BEEF2018 @ Teagasc Grange.

The adoption of key technologies in relation to animal genetics, grassland management and herd health are the key to increasing the profitability of beef production in Ireland. This was the message from Director of Teagasc, Professor Gerry Boyle speaking at the BEEF2018 Open Day in Teagasc Grange, today, Tuesday 26th of June. Professor Boyle said: “The beef sector faces significant challenges arising from Brexit, reform of the Common Agricultural Policy and climate change. However, key technologies, which are under the farmer’s control, can help farmers face these challenges and can have a large influence on farm profit.”

In relation to suckler beef production, key performance indicators were highlighted. These include achieving 0.95 calves weaned per cow per year, age of first calving of 24 months, a 6-week calving rate of 80% and achieving an average daily weight gain of 1.25 kilograms to weaning, in combination with excellent grazing management.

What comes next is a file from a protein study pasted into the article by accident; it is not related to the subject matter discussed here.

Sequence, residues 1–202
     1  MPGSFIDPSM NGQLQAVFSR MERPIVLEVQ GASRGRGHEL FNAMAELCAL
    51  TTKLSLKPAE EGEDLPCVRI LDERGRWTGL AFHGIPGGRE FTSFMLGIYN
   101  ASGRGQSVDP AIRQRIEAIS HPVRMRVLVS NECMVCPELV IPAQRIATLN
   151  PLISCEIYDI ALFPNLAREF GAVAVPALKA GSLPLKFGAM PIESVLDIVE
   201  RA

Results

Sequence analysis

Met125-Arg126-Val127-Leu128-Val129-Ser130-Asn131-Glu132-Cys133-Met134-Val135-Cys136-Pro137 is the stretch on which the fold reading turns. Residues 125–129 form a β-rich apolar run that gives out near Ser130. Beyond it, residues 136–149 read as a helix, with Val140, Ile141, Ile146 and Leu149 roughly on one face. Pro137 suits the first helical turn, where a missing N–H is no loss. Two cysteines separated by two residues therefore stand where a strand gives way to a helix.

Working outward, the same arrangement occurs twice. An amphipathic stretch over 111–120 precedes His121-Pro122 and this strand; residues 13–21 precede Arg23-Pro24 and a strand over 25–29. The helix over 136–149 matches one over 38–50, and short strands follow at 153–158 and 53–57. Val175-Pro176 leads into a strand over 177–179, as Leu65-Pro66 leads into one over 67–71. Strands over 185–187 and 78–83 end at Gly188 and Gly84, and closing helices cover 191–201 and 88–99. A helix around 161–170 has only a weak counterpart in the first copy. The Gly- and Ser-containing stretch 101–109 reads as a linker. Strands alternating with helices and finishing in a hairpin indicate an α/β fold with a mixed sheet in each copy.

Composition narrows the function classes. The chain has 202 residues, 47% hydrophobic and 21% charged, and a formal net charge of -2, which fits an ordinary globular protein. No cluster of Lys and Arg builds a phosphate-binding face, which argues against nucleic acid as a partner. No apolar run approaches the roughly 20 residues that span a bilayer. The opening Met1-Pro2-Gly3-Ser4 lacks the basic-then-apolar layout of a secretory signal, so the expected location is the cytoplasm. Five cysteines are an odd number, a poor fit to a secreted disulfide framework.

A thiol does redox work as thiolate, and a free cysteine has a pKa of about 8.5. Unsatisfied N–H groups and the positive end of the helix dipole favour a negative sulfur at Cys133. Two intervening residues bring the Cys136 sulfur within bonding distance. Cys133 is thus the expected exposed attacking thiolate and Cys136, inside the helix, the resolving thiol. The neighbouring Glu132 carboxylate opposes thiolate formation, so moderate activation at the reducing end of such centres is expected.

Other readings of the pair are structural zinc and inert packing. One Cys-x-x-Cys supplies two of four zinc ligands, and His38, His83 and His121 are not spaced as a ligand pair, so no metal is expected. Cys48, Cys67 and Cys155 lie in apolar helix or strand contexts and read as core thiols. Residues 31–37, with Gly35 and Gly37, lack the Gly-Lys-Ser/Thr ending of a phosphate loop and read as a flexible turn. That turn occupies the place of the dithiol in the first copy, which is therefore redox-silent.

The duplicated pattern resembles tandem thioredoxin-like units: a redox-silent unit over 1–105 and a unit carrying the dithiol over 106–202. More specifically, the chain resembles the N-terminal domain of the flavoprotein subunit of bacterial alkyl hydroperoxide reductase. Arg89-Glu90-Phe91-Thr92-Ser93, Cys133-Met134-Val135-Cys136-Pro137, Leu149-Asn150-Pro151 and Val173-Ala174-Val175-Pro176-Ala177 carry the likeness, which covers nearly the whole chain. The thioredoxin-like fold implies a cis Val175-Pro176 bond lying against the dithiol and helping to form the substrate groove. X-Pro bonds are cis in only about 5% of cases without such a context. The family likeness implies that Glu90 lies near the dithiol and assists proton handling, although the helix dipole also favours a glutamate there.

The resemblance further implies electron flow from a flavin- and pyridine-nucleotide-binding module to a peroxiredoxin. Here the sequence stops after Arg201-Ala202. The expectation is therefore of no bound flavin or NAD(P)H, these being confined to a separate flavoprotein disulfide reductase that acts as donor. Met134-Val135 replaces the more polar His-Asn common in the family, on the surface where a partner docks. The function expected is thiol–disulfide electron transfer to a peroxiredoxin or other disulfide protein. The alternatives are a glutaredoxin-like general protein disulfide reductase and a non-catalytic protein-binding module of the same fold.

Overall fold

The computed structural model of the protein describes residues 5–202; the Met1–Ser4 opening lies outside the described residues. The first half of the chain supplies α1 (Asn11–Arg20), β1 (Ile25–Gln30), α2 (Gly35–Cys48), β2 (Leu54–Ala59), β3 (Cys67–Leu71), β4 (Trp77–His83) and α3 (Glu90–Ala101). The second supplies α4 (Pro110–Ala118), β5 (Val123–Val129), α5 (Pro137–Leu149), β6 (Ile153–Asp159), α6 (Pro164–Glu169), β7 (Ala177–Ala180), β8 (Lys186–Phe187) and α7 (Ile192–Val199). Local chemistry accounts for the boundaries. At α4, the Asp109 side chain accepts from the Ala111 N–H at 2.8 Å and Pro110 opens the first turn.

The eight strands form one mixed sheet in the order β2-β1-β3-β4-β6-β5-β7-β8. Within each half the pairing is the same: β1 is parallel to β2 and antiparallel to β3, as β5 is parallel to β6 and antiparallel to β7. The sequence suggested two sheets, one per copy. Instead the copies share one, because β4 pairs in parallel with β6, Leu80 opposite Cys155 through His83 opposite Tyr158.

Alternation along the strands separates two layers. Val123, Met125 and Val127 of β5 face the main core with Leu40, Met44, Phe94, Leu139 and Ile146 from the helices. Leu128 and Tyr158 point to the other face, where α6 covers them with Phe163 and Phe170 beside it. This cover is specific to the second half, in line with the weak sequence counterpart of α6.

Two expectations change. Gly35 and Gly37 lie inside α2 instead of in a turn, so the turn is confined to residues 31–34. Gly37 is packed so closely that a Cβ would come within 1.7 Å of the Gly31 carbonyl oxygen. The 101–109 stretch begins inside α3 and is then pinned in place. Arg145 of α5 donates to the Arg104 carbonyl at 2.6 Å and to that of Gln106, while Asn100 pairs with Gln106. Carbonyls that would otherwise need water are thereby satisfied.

A new dairy calf to beef herd has been set up in Grange. The key performance indicators for dairy calf to beef include; keeping mortality below 3%, and achieving a weight gain of 0.8 and 0.9 kg/day during first and second season at grass. Additionally, the provision of excellent quality silage for both first and second winter will have a large impact on reducing concentrate supplementation requirement.

The huge benefit of using AI in terms of increase profitability in the sucker herd was highlighted; which included much higher levels of genetic gain; large selection of high index, high reliability sires; all now being made possible with new developments in heat detection aids.

The huge potential from increasing grass production and utilisation was highlighted in the GRASS10 village. Current grass utilisation on beef farms nationally is 5 tonnes of Dry matter per hectare. This can be easily increased to 10 t DM/ha by improving grazing farm infrastructure; correcting soil fertility, applying best grazing management practices and reseeding poor performing paddocks.